She was released on HK$5 million bail at the time.

Wang was accompanied by her team of lawyers and a phalanx of bodyguards when she appeared at the Eastern Magistrates' Court.

Jonathan Midgley, Wang's lawyer, said after the brief court hearing: ``The case has been pending for some time. Today, the only thing that has changed is that Mrs Wang now has the opportunity to establish her innocence in court. If you don't mind, we will leave all the talking to be done in court.''

He called the staggering HK$55 million bail ``perfectly reasonable.''

Wang was charged by the Commercial Crime Bureau with three counts.

The first of these was that between April 12, 1997, and January 16, 1998, Wang and another unknown party forged Teddy Wang's will, claiming the document, dated March 12, 1990, was his last will.

The second charge relates to allegations that Wang knowingly used the forged will on January 16, 1998, to induce someone to accept it as genuine.

The third count accuses Wang of perverting the course of justice. It was alleged that between January 16, 1998, and November 21, 2002, she produced the forged will in the Court of First Instance claiming it to be the last will and used it as her defense in the probate case between herself and her father-in-law Wang Din-shin.

Nina Wang, known for her colorful wardrobe, wore a burgundy Chinese-style blouse and a black mini-skirt when she appeared in court. She also sported a frizzy coiffure, having shed her trademark pigtails.

She appeared calm and collected in the brief hearing, telling the court that she fully understood the charges against her. Wang will have to return to court on March 23 for another hearing.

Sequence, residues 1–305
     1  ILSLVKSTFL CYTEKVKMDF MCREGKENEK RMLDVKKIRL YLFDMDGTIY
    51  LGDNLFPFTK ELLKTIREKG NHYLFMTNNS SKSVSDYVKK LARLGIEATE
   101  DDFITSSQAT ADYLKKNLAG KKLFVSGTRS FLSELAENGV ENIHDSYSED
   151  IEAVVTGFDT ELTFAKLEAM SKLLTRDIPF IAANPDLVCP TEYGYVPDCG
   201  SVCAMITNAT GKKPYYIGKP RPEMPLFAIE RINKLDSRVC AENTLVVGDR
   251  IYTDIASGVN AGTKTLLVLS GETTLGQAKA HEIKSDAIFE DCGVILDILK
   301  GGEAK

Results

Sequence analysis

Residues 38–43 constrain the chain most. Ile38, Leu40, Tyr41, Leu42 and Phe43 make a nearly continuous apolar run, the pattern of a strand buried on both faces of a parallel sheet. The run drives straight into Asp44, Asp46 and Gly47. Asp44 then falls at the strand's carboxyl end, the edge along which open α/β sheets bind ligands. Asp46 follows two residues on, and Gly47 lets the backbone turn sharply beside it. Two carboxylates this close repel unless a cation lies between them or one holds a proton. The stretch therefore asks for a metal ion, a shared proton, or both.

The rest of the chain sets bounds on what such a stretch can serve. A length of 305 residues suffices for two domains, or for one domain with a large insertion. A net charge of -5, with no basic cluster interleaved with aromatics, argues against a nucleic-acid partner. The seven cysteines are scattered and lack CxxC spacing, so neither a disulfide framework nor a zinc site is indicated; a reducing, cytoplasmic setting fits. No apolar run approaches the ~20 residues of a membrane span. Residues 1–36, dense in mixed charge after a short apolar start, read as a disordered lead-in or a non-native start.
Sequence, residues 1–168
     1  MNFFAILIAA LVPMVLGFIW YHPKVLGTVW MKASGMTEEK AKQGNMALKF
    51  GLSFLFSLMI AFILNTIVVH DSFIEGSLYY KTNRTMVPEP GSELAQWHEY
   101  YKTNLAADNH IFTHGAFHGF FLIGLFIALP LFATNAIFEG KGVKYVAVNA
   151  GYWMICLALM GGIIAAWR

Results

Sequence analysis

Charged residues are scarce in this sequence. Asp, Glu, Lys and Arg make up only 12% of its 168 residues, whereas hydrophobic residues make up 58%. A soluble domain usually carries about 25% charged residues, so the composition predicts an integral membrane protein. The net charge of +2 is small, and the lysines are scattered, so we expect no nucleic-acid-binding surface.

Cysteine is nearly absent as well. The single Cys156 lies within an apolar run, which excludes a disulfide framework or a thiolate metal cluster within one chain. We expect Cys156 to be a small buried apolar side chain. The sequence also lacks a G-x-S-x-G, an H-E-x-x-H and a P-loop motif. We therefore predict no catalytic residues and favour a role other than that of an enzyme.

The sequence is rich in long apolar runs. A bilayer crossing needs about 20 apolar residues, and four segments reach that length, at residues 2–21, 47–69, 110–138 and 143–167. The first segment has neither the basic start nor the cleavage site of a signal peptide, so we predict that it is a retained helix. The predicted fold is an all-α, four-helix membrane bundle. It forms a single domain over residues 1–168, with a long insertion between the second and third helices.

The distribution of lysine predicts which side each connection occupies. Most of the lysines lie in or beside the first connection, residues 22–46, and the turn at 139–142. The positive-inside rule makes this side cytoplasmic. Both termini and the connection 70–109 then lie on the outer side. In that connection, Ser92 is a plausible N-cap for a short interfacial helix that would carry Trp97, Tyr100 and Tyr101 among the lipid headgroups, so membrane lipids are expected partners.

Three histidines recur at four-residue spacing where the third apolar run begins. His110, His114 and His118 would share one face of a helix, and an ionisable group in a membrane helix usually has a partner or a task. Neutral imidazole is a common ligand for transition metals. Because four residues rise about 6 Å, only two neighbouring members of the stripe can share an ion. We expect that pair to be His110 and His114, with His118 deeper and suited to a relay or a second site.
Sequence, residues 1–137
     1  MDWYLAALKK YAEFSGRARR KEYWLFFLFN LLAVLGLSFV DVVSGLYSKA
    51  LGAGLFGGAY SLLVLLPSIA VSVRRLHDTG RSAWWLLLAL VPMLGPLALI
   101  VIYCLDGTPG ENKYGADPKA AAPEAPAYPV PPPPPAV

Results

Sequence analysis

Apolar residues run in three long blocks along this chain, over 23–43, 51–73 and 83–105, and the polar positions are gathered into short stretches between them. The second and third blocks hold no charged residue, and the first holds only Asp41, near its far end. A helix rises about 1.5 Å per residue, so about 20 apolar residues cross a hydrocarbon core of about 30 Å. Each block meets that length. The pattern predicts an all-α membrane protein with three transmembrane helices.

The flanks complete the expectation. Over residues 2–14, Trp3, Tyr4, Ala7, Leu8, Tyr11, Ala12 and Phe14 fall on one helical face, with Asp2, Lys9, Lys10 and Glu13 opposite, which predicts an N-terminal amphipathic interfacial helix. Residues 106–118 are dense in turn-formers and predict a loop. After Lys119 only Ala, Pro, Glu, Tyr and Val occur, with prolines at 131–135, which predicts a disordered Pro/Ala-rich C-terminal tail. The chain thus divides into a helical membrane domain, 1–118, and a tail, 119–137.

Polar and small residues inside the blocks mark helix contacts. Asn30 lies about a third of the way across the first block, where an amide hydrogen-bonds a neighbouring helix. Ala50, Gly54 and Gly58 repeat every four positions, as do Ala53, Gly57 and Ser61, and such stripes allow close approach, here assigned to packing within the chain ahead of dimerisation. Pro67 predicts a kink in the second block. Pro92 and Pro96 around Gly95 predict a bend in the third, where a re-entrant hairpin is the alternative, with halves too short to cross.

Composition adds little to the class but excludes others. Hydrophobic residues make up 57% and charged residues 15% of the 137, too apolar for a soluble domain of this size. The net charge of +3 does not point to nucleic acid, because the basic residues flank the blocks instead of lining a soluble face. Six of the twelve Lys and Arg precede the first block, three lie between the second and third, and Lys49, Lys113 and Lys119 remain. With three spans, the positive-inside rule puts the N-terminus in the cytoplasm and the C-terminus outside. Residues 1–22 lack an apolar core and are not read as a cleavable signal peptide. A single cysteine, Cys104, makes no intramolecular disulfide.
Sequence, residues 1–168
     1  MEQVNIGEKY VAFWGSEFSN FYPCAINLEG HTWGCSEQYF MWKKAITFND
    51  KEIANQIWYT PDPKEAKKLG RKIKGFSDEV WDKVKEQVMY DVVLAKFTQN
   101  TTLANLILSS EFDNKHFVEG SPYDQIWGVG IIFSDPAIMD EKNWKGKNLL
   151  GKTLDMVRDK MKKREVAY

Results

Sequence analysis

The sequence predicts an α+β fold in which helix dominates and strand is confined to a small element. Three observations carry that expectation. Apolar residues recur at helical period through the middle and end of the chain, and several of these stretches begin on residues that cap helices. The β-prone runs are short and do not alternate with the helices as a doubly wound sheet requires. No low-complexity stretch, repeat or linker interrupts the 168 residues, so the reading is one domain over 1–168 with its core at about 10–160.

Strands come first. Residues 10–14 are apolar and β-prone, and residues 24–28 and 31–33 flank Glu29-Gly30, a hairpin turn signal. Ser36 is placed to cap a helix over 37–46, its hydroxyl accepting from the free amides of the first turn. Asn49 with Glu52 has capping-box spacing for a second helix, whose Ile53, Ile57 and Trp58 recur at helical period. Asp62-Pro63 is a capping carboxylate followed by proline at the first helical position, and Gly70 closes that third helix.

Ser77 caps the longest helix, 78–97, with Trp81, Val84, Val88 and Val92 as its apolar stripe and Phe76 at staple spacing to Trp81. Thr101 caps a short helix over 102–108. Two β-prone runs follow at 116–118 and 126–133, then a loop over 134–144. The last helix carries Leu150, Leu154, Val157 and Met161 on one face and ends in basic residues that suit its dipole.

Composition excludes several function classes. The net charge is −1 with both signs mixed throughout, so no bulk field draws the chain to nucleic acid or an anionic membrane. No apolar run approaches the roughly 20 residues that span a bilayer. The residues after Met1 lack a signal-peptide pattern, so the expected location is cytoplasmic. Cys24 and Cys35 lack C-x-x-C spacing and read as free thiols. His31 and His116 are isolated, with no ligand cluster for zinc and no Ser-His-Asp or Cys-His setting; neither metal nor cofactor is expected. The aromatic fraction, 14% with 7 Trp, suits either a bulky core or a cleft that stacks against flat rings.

In the meantime, she is required to surrender all travel documents to the Commercial Crime Bureau and not to leave Hong Kong without first informing the bureau of her itinerary at least 48 hours in advance.

She is not allowed to contact directly or indirectly witnesses involved in this case or the ongoing legal dispute between herself and her father-in-law.

Wang has been embroiled in one of the most dramatic and riveting legal battles in recent Hong Kong history, a long duel with her 93-year-old father-in-law over control of her late husband's estate.

Wang Din-shin has accused her of committing adultery while married to his son.

The 1990 handwritten will named Nina Wang as the sole beneficiary of an estate valued then at about HK$1 billion.

Teddy Wang was kidnapped on April 10, 1990, and is presumed to have been murdered but his body has never been found. The contested will was written 28 days before the kidnapping.

Nina Wang managed the Chinachem Group, one of Hong Kong's largest private property developers, after Teddy's disappearance, and transformed it into a HK$27 billion business empire.

She was given approval by the Court of Appeal in November last year to go to the Court of Final Appeal to contest control of her husband's estate, following consecutive defeats in the lower court and the same appellate court.

It is understood that she will lose much of her fortune if the estate goes to her father-in-law. -   by Jonathan Li     HK STANDARD    29 Jan 2005